Incentive Equity and Incentive Compensation


Growing Number of Employees Value Equity Awards

A compensation study by UBS found that more than a third of employees with equity incentives saw minimal value in them, mostly due to a lack of explanation and education around the plans.  

For its latest edition of “UBS Participant Voice,” the firm surveyed 1,046 U.S. equity award plan participants across industries with at least $5,000 in investable assets between September 12 and September 24, 2019. At that time, it found that, since 2013, there’s been a steady increase in the percentage of employees who highly value their equity awards—from 26% in 2013 to 42% in 2019—yet one in three (36%) still saw minimal value in them.

While the trend is positive, the data still suggests that firms should work to educate employees on the value of equity incentives.

Source: Rebecca Moore | “Do Employees Understand the Value of Their Equity Compensation?” | PLANSPONSOR | 7/9/2020 | Visit



Equity Incentives to Reduce Turnover

Options and other similar compensation instruments also have a role to play well beyond the initial transaction; in addition to being offered to new hires brought on after investment, these compensation schemes can also be used to help retain existing talent that may be at risk of leaving for another position or retiring (e.g., giving a CEO more options on top of his existing grant to keep him from leaving for a competitor or giving additional options to a VP of Finance who is being promoted to CFO). In fact, research from Morgan Stanley has shown that even amongst companies considered to have a “high employee empowerment” culture, those with generous equity incentive programs had less than half the turnover of those with no equity incentive programs at all (6.3% v. 14.4% voluntary annual turnover). 

Source: Joseph Blasi, Douglas Kruse, Bill Castellano | “Thinking Strategically About Your Equity Compensation Program” | Morgan Stanley | 12/31/2018 | Visit



Porsche CEO Record Compensation

Back in the early 1990s, when former CEO Wendelin Wiedeking joined the company, Porsche was a struggling brand that was bleeding money. Frequently, in turnaround situations like the one Porsche found itself in, it can be very difficult to attract and retain good managers. However, Wiedeking and Porsche found a way to make joining and revitalizing the company a more appealing proposition for the CEO (who went on to turn around the company and lead it to great success over more than a decade):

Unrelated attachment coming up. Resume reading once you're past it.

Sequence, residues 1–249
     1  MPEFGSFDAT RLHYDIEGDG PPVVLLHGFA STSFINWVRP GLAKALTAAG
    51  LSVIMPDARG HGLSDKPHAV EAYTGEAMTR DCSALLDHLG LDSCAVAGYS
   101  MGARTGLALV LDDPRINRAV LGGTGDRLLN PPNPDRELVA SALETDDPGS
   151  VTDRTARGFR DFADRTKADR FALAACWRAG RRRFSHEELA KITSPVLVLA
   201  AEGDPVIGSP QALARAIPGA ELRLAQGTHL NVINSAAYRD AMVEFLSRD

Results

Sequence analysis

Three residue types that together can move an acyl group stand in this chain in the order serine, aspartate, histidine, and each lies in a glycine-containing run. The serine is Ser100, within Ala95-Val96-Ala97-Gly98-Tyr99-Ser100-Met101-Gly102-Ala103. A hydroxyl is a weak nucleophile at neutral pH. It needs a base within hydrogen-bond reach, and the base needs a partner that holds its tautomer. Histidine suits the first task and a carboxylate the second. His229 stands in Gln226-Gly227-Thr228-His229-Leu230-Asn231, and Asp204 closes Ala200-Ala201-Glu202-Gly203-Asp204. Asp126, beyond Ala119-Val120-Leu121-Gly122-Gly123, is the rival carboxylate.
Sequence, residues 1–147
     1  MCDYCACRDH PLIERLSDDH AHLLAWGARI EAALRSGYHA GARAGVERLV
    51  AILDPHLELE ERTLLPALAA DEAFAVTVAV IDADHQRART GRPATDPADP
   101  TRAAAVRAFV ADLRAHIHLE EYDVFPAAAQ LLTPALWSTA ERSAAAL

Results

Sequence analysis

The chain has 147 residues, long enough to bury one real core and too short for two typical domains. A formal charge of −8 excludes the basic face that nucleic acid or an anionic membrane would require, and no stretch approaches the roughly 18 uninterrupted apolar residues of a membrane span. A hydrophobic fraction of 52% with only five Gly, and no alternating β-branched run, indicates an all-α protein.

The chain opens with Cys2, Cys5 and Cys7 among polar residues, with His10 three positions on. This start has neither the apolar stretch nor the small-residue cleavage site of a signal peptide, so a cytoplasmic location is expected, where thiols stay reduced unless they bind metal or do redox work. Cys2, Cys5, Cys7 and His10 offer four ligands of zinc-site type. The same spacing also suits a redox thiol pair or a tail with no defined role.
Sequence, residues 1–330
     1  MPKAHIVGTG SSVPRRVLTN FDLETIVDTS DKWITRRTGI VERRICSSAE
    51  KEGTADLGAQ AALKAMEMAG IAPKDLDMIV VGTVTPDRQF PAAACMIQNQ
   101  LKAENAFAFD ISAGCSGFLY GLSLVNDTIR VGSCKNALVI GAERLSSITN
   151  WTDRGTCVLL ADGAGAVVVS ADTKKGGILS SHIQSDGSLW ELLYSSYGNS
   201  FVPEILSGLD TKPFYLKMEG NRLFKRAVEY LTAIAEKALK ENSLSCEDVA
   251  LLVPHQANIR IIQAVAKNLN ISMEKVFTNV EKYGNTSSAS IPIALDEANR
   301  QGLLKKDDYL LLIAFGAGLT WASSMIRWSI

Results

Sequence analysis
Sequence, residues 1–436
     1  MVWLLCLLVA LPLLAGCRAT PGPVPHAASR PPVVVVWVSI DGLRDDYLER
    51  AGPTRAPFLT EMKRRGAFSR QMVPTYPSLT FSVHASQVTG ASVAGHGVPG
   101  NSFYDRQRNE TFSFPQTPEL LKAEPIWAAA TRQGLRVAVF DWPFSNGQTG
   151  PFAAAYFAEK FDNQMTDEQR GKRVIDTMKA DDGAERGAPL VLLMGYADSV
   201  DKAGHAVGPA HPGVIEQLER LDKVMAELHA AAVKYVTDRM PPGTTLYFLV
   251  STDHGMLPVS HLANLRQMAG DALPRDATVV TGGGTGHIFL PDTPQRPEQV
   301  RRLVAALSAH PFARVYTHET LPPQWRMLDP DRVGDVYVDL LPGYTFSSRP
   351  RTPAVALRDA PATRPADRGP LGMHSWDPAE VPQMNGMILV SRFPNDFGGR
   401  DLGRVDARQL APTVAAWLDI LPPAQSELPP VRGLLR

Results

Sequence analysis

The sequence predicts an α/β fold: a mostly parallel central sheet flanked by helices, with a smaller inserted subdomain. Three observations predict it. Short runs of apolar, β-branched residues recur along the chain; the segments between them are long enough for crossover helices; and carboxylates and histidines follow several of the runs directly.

When he took the position, [Wiedeking] negotiated a seemingly moot provision in his contract that would give him 1% of the company’s annual profits as bonus – in the unlikely event the company ever turned a profit. The company was losing $150MM a year at the time; no one could’ve foreseen how lucrative that provision would turn out to be.

Though he was later criticized by investors and outside observers for what became a staggering compensation package, Wiedeking stood by the maxim that continues to drive the widespread use of equity and other long-term incentive programs in private equity and elsewhere today: “I think when the company does well, then those who have contributed should share in that.” If managers know they are in a position to be well-rewarded for creating value over the long term, they are much more likely to stick around and do so. 

Source: “Porsche: The Hedge Fund that Also Made Cars” | Priceonomics | 10/24/2014 | Visit



Record CEO Compensation at Porsche

When a company is in trouble and without a CEO it can be difficult to find someone talented willing to risk the future of their career without being properly incentivized. A company's board and shareholder's will also feel pressure to find a replacement quickly to reverse the trajectory of the business. This pressure will occasionally result in compensation packages with strong incentives because the company is willing to sacrifice future upside that would otherwise benefit shareholders to stop the bleeding. 

The challenge is that the risk assumed by the CEO is often forgotten when the company has recovered. Such was the case with Porsche CEO Wendelin Wiedeking:

Porsche AG Chief Executive Wendelin Wiedeking's €68 million ($100.2 million) in compensation is adding fuel to debate in Germany about executive-compensation levels at a time of stagnant wage levels for ordinary workers.

Porsche's executive-pay levels have drawn attention in Germany in part because Mr. Wiedeking has often embraced populist rhetoric while criticizing hedge funds and accusing some companies of putting the interests of shareholders above those of workers. Some industry analysts say that Porsche itself is behaving like a hedge fund.

Source: Stephen Power | “Porsche CEO Adds to Pay Debate” | The Wall Street Journal | 12/1/2007 | Visit


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